Task/Ambient Conditioning Systems
||Previously published as
"Task/Ambient Conditioning Systems" Fred S. Bauman, P.E., and Edward
A. Arens, Ph.D. 1996. Center for the Built Environment, University of
California, Berkeley CA. |
Click here for the complete
report. (PDF 2MB) Note: This paper presents information that represented
best engineering practices at the time of its writing. Due to new understanding of this technology, the report should be
considered as background material. The reader is advised to compare recommendations with
the more recent information elsewhere on this website.
During recent years an increasing amount of attention has been paid to air
distribution systems that individually condition the immediate environments of
office workers within their workstations. As with task/ambient lighting
systems, the controls for the 'task' components of these systems are partially
or entirely decentralized and under the control of the occupants. Typically,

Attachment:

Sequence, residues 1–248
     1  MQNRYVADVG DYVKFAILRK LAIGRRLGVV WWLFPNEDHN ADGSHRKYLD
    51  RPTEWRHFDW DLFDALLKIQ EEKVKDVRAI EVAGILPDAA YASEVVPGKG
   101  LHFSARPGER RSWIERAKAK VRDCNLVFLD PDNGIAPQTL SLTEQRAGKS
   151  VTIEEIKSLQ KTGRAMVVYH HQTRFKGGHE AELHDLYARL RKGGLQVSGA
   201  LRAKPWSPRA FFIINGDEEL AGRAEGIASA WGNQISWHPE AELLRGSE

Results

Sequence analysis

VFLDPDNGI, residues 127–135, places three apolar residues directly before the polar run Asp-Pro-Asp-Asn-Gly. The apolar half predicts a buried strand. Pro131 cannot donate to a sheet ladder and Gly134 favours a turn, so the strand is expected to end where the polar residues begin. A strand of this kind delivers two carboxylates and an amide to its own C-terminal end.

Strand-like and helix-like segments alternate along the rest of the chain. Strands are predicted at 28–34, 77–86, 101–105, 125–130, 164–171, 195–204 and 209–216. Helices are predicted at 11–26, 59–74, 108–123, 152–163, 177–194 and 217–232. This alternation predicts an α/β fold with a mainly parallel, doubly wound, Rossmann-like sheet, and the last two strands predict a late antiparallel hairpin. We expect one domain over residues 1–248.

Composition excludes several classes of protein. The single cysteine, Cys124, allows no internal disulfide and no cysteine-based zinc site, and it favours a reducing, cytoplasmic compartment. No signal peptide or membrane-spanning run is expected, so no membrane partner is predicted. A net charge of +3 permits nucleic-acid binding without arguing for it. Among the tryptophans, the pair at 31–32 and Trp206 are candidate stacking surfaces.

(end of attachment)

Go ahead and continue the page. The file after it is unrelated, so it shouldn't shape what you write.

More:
the occupant has control over the speed and direction, and in some cases the
temperature, of the incoming air supply. Variously called 'task/ambient
conditioning,' 'localized thermal distribution,' and 'personalized air
conditioning' systems, these systems have been most commonly installed in
open-plan office buildings in which they provide supply air and (in some cases)
radiant heating directly into workstations. A large majority of these systems
have included a raised access floor system through which underfloor air
distribution is used to deliver conditioned air to the space through floor
grills, or in conjunction with the workstation furniture and partitions.
The purpose of this document is to present and discuss engineering and
application guidelines and recommendations that encourage the intelligent
design, installation, and operation of task/ambient conditioning (TAC) systems
in commercial buildings.